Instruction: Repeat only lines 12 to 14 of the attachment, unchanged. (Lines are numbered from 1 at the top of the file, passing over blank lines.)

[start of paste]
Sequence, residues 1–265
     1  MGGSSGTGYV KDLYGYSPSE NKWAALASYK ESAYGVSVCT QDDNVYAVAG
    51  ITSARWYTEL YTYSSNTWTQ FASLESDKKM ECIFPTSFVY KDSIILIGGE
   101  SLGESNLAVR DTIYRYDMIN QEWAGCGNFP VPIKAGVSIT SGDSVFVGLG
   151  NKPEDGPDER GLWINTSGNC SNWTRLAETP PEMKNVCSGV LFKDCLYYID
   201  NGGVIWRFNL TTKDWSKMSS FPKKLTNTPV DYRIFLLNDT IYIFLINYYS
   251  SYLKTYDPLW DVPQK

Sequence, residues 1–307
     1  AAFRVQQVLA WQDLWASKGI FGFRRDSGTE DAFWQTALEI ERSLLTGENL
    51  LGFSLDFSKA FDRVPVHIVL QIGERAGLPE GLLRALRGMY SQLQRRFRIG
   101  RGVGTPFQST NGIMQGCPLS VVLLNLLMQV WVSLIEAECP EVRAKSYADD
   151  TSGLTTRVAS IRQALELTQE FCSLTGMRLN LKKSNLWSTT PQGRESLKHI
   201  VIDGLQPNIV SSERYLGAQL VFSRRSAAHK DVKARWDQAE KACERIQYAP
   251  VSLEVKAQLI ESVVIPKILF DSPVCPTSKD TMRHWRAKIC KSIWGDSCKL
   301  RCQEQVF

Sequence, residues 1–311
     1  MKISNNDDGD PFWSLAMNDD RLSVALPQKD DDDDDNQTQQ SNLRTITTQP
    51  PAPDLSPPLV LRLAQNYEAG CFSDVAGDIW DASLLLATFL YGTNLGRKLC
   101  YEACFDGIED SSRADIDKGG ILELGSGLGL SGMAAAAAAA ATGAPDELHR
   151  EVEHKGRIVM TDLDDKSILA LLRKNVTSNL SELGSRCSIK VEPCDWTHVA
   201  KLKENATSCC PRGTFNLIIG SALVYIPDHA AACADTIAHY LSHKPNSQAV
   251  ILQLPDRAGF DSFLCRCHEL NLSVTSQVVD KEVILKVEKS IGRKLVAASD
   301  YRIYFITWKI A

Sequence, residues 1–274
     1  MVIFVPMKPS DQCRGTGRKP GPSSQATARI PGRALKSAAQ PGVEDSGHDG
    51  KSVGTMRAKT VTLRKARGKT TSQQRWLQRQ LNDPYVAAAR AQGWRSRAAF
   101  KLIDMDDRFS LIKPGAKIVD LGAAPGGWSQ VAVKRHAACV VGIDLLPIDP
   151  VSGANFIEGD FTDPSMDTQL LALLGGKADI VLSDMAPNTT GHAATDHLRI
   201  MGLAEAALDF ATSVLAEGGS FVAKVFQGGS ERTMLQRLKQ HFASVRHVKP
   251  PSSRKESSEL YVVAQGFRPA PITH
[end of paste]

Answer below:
   151  TSGLTTRVAS IRQALELTQE FCSLTGMRLN LKKSNLWSTT PQGRESLKHI
   201  VIDGLQPNIV SSERYLGAQL VFSRRSAAHK DVKARWDQAE KACERIQYAP
   251  VSLEVKAQLI ESVVIPKILF DSPVCPTSKD TMRHWRAKIC KSIWGDSCKL